On Thursday, the California Supreme Court issued a historic ruling that overturned a law denying gays and lesbians equal access to civil marriage. For millions of people like me, it was a moving moment - a moment where we were recognized as being equal in every way in the eyes of the law. A moment that we aspire to see become reality in every corner of America.
Hillary Clinton had this to say about this incredibly important ruling:
"Hillary Clinton believes that gay and lesbian couples in committed relationships should have the same rights and responsibilities as all Americans and believes that civil unions are the best way to achieve this goal. As President, Hillary Clinton will work to ensure that same sex couples have access to these rights and responsibilities at the federal level. She has said and continues to believe that the issue of marriage should be left to the states."
Barack Obama had this to say:
"Barack Obama has always believed that same-sex couples should enjoy equal rights under the law, and he will continue to fight for civil unions as President. He respects the decision of the California Supreme Court, and continues to believe that states should make their own decisions when it comes to the issue of marriage."
Seventy-five words and fifty-four words, respectively, about a 172 page ruling that time will surely find to be the definitive ruling on marriage equality. This ruling will be cited in every marriage case that will be argued in the future. The thoughtful, well written decision provides the pathway to ending the last vestige of civil discrimination in America. Yet, our Presidential candidates couldn't even muster the effort to acknowledge its importance. Disappointing would be a mild word to describe my feelings about them on this issue.
In 1948, California became the first State in America to overturn a ban on interracial marriage. In its decision on Tuesday, the California Supreme Court cited its own words from that 1948 decision. This New York Times piece, titled 'Same-sex marriage, racial justice find common ground' shows the parallels drawn between the two issues by the Court itself:
Not long into the oral argument before the California Supreme Court in March over whether gay and lesbian couples have a constitutional right to marry, Chief Justice Ronald M. George showed his hand.
Three times he quoted from the court's 1948 decision in Perez v. Sharp that struck down a state ban on interracial marriage, a high point in the history of a prestigious and influential court.
"The essence of the right to marry is freedom to join in marriage with the person of one's choice," Chief Justice George said, quoting Perez.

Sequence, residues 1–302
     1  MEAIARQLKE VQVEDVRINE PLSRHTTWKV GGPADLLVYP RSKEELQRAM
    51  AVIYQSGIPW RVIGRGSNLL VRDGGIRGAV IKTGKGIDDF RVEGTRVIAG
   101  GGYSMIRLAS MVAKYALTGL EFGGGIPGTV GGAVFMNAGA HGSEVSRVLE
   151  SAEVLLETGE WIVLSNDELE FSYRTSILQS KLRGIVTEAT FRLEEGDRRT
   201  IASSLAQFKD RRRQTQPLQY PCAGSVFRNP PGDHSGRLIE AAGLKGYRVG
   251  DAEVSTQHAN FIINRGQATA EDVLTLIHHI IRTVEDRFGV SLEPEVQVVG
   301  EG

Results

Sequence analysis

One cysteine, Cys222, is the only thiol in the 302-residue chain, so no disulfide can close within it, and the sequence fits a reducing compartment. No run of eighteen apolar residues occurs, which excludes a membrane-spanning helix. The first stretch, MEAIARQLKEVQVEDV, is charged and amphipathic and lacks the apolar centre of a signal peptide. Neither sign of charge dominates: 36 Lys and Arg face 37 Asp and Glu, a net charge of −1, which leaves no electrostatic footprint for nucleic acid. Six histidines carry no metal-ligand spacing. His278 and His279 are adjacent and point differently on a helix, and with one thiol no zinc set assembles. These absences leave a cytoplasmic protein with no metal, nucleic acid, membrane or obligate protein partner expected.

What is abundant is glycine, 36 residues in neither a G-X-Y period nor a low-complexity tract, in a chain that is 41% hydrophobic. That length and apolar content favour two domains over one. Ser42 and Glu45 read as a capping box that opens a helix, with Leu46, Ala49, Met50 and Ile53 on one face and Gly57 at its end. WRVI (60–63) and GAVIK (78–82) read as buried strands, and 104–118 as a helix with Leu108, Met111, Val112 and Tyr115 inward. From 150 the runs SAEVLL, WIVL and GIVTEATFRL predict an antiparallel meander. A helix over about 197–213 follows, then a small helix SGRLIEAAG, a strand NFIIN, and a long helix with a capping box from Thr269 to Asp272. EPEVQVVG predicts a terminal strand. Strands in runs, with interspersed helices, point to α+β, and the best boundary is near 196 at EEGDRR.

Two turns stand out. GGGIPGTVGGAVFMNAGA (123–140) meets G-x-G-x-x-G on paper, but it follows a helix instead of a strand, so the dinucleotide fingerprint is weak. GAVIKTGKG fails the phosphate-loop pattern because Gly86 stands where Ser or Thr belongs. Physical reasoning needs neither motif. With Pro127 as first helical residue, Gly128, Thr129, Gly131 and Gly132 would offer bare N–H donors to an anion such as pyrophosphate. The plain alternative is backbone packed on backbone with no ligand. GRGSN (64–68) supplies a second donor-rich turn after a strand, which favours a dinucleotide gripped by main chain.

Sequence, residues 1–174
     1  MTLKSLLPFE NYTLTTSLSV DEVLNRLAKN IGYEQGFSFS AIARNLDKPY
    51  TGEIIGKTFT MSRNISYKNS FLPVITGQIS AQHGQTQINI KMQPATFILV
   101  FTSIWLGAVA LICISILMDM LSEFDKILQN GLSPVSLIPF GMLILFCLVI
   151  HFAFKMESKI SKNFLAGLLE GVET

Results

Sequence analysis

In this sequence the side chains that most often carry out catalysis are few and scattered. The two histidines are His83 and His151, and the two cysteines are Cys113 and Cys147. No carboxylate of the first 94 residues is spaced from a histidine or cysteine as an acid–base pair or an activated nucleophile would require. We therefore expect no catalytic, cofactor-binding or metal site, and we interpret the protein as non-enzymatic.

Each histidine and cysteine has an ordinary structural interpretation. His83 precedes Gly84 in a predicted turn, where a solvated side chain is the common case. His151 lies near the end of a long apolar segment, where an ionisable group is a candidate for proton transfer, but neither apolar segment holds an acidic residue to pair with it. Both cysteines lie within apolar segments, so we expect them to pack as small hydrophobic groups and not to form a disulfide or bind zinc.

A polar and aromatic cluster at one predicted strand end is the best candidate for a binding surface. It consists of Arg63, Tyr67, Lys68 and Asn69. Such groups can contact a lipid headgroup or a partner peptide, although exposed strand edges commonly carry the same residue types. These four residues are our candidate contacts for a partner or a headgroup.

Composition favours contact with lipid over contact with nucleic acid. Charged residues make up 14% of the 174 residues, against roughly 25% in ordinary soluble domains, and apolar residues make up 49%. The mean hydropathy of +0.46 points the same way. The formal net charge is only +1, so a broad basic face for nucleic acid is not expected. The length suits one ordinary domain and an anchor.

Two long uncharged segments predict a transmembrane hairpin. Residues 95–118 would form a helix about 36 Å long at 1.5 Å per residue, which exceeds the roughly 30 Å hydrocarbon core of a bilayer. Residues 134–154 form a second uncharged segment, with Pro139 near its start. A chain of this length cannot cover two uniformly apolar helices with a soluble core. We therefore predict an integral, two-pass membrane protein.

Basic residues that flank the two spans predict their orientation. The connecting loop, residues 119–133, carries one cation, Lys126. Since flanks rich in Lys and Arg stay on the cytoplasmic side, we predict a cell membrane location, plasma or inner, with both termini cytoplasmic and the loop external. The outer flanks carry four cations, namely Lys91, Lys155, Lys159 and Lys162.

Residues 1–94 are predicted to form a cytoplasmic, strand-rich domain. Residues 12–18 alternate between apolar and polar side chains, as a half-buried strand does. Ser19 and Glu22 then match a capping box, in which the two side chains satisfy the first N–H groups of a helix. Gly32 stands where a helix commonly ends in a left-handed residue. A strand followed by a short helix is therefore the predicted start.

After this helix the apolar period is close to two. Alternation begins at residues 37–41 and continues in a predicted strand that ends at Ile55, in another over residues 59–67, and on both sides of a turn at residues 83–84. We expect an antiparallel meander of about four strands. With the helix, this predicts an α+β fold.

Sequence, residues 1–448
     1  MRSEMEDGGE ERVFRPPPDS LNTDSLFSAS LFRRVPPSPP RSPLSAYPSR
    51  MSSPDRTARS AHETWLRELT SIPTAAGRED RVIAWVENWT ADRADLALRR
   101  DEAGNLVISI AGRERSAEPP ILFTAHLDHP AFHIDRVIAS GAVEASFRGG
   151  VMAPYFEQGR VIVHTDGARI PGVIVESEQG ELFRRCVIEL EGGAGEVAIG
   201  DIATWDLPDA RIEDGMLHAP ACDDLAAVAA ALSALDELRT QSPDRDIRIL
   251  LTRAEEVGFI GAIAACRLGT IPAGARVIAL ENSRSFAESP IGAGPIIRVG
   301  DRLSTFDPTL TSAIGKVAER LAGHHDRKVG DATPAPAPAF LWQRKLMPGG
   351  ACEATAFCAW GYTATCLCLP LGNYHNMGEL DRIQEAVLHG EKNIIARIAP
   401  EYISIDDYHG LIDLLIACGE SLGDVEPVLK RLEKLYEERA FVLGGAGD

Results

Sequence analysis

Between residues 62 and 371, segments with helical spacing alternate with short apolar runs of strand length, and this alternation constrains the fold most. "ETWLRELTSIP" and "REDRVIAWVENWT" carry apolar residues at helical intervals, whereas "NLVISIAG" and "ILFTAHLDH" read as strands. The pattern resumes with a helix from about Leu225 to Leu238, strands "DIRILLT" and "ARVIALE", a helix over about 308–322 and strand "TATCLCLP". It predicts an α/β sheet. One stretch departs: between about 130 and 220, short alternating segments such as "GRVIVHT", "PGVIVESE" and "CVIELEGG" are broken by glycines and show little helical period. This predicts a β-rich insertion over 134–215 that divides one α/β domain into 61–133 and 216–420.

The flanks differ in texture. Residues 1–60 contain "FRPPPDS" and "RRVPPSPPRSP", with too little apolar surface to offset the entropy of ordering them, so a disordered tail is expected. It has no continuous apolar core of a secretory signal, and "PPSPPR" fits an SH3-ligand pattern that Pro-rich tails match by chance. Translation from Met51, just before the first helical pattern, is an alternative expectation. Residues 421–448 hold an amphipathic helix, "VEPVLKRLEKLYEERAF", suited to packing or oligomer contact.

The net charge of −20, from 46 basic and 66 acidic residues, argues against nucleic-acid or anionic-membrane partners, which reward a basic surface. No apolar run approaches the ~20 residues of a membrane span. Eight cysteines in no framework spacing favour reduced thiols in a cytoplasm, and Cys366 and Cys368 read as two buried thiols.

Without doubt, this is the next step in America's journey to live up to the founding principle that all men are created equal. After the Perez decision in 1948, it took the U.S. Supreme Court until 1967 to overturn the remaining unconstitutional laws banning interracial marriage. Even then, public support for interracial marriage was incredibly low.
Today, America is closely divided on the issue. But we know where this is headed. It is in keeping with the tradition and history of America. After all, our nation has a history of making people equal.
Yet, our candidates fail to speak about it in real and honest terms. "I believe marriage is an issue best left to the States" is a very common position.
This all boils down to one thing. Fear.
Our candidates, our politicians, our political parties all fear the pushback from the Religious Fundamentalists in America. They fear that criticism so much, that they lack the courage to take action that would invite that criticism. By doing so, our candidates make the Fundamentalists stronger and perpetuate a society where gay and lesbian citizens remain at the back of the bus.
Neither candidates' statements are even on their website with other statements and news releases. Again, we are invisible. On the heels of the most significant victory for equal rights for gays and lesbians, we are invisible to the two most visible political figures today.
Rather than bow to non-existent criticism from an extreme political faction in America, our candidates should honor values that we all share; love, acceptance, and understanding. Honoring those values will require embracing the message sent by the California Supreme Court, embodied in this excerpt from the majority opinion:
"...retaining the designation of marriage exclusively for opposite-sex couples and providing only a separate and distinct designation for same-sex couples may well have the effect of perpetuating a more general premise - now emphatically rejected by this state - that gay individuals and same-sex couples are in some respects "second-class citizens" who may, under the law, be treated differently from, and less favorably than, heterosexual individuals or opposite-sex couples. Under these circumstances, we cannot find that retention of the traditional definition of marriage constitutes a compelling state interest. Accordingly, we conclude that to the extent the current California statutory provisions limit marriage to opposite-sex couples, these statutes are unconstitutional."
Lane Hudson is Director of Communications and Strategy for Faith in America, a non-profit seeking to end the misuse of religion to justify discrimination against gays and lesbians. Learn more at www.faithinamerica.com